And that is not all. There are also the people who do not go to school, who live without ever seeing a doctor, those who die because of the lack of health care, and those who continually sleep under the stars. They are all Jamaicans, Jamaicans who live in fear, with no one to care for them, and with nothing for which to live.

Jamaica is for Jamaicans.

The sad truth, however, is that some Jamaicans have, and some do not have. Those who do not have need the help of the State, and it just does not seem right that Jamaicans, especially those who live away from home, in first world countries, should fly around the world almost daily, live in hotel rooms, and eat well, all in the search of more glory in sports while there are Jamaicans at home dying for a crumb to fall.

Some of those who make it big in sports, all of them or most of them, with the support of Government or the private sector, also want the cash-strapped Government to break the rules and offer them concessions, or gifts, probably of land, that will mark them as heroes of the people.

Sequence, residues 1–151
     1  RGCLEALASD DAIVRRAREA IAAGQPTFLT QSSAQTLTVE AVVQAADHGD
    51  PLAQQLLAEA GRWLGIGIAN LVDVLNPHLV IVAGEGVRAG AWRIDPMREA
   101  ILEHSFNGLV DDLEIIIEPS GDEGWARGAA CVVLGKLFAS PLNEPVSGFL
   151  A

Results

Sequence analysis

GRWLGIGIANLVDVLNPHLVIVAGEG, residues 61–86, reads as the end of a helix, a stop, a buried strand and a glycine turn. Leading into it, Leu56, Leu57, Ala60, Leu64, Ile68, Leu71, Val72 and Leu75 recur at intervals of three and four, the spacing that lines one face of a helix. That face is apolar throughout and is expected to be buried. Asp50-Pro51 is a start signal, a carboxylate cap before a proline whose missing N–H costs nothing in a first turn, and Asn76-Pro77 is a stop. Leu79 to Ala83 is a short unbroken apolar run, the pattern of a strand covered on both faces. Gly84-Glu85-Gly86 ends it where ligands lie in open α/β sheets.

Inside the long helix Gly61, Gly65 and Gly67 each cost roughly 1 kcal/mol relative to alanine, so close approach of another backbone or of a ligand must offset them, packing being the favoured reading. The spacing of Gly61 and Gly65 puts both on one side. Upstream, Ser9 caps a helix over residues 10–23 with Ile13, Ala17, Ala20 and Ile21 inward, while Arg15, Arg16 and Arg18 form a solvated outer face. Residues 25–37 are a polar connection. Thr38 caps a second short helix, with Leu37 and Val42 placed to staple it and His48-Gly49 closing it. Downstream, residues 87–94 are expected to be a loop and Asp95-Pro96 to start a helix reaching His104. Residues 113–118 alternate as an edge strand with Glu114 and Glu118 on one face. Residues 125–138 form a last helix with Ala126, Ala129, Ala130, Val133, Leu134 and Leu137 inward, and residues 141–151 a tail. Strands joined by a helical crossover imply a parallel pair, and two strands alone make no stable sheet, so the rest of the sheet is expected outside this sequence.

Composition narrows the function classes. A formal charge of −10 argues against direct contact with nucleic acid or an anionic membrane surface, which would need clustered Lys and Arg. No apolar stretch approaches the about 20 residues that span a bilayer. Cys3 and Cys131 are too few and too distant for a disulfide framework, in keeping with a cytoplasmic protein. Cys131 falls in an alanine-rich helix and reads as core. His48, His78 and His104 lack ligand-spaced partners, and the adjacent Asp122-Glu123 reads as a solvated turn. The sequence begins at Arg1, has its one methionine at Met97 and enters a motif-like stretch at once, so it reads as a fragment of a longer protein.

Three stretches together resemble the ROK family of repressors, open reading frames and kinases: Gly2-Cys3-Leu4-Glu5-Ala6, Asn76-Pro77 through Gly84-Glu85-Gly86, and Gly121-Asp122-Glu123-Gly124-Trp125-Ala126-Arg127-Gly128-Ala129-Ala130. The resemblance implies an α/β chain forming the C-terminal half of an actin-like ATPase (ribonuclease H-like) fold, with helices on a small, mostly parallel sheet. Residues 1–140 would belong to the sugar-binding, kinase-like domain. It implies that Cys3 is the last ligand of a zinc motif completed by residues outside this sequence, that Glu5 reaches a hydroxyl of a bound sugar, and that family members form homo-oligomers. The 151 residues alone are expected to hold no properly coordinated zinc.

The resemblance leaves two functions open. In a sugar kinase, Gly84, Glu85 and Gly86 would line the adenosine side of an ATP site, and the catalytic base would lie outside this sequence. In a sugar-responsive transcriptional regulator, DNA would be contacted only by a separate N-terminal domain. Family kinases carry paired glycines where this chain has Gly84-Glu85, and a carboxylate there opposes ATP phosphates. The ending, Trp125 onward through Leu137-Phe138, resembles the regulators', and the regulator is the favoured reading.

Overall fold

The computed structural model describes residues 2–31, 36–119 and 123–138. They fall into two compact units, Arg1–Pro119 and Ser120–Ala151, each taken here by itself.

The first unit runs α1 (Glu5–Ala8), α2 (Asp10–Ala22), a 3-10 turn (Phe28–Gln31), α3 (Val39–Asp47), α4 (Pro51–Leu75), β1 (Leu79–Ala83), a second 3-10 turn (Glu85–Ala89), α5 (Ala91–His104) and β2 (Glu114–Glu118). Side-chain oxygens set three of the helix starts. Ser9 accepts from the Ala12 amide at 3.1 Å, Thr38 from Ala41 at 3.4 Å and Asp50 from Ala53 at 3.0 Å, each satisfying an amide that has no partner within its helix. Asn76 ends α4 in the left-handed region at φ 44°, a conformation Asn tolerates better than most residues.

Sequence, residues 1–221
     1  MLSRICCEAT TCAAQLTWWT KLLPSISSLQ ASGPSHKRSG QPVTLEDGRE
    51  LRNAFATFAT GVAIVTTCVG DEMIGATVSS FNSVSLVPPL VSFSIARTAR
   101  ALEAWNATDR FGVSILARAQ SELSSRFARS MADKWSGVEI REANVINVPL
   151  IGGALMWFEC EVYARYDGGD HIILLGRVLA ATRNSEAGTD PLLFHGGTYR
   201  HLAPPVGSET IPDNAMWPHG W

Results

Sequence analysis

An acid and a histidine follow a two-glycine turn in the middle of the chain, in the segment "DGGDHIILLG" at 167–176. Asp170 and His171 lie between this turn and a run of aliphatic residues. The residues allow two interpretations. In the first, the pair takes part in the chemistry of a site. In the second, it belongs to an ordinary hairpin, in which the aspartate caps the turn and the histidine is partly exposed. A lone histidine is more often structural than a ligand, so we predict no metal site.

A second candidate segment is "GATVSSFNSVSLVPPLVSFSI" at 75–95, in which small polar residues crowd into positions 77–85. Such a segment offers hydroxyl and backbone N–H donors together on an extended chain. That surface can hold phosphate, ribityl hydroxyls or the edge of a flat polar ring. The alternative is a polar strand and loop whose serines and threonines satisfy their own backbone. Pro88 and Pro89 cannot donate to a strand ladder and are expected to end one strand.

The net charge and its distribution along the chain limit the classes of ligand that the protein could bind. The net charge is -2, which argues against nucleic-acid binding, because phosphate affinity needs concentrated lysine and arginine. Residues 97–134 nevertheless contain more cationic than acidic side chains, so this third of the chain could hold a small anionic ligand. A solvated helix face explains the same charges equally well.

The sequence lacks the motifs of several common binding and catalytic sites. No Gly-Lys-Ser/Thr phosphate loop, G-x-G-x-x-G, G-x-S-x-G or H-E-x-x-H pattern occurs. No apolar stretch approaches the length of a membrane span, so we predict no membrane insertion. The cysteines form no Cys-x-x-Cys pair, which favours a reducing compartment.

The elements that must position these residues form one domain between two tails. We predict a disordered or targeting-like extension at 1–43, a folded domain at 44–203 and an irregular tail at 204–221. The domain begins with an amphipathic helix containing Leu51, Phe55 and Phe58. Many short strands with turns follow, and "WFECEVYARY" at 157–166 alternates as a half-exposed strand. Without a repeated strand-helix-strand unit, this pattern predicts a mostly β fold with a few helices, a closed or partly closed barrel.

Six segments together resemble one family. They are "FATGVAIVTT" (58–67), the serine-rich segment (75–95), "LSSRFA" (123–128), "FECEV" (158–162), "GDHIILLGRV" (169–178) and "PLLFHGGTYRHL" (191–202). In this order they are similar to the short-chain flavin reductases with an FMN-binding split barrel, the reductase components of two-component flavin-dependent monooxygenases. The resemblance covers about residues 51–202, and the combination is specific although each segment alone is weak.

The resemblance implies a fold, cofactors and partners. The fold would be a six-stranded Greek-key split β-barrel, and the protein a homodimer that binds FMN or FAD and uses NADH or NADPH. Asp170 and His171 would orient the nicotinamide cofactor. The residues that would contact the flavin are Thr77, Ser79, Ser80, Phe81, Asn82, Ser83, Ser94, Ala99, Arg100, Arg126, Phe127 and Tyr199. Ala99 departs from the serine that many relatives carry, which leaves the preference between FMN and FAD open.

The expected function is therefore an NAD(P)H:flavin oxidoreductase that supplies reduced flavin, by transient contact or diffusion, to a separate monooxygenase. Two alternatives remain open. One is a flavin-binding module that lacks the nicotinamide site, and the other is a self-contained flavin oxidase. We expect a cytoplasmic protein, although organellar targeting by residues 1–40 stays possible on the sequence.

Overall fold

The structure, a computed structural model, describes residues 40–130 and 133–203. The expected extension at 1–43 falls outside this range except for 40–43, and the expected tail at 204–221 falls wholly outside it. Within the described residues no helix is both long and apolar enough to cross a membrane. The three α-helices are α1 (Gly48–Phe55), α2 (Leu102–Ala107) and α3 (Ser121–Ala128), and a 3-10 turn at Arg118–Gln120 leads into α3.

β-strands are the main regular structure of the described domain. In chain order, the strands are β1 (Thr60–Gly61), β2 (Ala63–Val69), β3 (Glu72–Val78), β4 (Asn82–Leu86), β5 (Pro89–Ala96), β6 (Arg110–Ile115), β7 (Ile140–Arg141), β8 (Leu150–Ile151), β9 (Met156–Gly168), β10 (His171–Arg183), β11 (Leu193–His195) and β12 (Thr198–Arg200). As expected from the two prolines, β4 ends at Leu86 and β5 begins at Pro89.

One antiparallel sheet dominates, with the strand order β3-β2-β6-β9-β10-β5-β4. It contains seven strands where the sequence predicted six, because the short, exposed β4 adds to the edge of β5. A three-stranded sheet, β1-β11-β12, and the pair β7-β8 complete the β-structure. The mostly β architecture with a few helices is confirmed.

The country should always say thanks to them for their achievements, always remembering that there is a subtle difference between a doctor and a nurse, a lawyer and a teacher, and a sportsman or sportswoman in the general scheme of things.

This country needs a lot of things to help the social order, some of it is widely known, and some of it is not. Every day, however, in the newspapers, on the television screens, and over the radio stations, we hear that millions of dollars are being spent to do something for sports, to build a stadium, to start an academy, to light up somewhere, or to send someone somewhere to participate.